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 Table of Contents  
ORIGINAL ARTICLES
Year : 2021  |  Volume : 12  |  Issue : 5  |  Page : 104-109

Practice patterns among healthcare professionals for screening, diagnosis, and management of gestational diabetes mellitus (GDM) in selected countries of Asia, Africa, and Middle East


1 Department of Obstetrics and Gynaecology, Isra University, Karachi-Campus, Pakistan
2 Women’s College Hospital, Toronto, Canada
3 Department of Diabetology, Madras Diabetes Research Foundation, ICMR Centre for Advanced Research on Diabetes and Dr. Mohan’s Diabetes Specialities Centre, IDF Centre of Excellence in Diabetes Care, Chennai, Tamil Nadu, India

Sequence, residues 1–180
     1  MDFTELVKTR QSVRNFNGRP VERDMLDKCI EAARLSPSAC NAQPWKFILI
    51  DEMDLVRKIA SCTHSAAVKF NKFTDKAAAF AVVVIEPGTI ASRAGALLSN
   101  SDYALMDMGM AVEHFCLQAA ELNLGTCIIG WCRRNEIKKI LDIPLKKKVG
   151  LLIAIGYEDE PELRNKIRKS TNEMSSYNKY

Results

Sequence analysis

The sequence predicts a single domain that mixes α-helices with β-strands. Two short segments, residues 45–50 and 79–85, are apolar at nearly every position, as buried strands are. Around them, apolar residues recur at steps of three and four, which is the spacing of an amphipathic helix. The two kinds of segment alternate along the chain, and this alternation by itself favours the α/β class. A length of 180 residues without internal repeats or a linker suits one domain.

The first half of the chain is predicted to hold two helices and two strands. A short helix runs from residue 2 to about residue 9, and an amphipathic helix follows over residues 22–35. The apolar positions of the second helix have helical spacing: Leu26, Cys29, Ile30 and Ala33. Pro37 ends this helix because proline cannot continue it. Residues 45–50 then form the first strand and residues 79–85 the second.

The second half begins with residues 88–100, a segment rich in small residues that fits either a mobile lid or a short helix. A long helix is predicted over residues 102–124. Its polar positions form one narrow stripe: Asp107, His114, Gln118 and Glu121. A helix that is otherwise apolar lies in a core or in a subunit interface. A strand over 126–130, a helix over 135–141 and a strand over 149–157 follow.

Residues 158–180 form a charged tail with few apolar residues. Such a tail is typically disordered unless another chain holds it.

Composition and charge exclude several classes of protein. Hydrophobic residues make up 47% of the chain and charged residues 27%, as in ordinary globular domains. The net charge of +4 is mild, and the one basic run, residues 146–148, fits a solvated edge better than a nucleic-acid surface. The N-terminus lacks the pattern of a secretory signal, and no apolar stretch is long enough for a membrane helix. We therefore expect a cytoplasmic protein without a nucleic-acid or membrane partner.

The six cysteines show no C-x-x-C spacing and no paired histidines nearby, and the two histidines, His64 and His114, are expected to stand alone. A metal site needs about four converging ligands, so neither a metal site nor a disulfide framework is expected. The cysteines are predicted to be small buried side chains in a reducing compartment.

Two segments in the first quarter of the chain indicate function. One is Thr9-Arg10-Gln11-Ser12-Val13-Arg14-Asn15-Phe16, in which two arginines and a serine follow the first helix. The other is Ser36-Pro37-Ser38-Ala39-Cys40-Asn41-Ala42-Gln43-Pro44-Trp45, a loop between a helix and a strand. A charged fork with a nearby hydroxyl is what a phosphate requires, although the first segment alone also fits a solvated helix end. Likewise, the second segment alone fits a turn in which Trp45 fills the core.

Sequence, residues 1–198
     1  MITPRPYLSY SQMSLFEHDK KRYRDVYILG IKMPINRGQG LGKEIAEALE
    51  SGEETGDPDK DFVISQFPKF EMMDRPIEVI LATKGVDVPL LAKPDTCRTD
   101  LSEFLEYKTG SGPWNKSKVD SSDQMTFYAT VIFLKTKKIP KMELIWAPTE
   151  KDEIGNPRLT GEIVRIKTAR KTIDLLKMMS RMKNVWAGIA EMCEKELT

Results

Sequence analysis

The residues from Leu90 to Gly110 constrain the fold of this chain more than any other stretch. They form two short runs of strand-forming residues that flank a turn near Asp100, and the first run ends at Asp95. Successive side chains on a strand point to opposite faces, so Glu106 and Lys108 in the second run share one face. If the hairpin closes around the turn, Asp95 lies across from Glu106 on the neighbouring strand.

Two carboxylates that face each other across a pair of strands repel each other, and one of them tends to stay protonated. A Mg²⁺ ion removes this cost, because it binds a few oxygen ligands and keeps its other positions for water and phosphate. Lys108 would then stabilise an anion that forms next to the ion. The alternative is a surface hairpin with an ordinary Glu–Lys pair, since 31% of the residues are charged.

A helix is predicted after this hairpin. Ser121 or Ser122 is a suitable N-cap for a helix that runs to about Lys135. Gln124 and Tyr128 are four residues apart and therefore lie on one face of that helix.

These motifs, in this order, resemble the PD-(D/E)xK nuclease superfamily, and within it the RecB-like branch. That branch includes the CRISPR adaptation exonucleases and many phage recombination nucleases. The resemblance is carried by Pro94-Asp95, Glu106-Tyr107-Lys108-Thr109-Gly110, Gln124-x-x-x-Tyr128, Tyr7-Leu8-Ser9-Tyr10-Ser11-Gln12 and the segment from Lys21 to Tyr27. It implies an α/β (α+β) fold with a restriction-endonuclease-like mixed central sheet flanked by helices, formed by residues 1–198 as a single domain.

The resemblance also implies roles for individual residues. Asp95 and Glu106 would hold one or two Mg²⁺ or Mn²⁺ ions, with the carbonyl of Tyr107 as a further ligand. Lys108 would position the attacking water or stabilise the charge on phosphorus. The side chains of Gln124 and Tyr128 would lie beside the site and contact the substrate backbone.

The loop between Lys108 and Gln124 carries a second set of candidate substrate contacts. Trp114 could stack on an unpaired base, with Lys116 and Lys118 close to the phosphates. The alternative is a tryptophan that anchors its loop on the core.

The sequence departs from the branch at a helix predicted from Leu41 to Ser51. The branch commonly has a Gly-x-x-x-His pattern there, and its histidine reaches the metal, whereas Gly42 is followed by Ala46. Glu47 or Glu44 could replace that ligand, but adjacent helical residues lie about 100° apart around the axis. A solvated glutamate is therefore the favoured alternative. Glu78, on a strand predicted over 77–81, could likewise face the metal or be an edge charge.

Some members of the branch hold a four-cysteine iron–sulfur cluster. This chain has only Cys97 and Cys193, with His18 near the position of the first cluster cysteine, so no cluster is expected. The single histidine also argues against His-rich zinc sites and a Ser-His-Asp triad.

Date of Submission20-May-2021
Date of Decision01-Jun-2021
Date of Acceptance02-Jun-2021
Date of Web Publication20-Jul-2021

Correspondence Address:
Dr. Shabeen Naz Masood
Department of Obstetrics and Gynaecology, Isra University, Karachi-Campus.
Pakistan
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Source of Support: None, Conflict of Interest: None


DOI: 10.4103/jod.jod_63_21

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  Abstract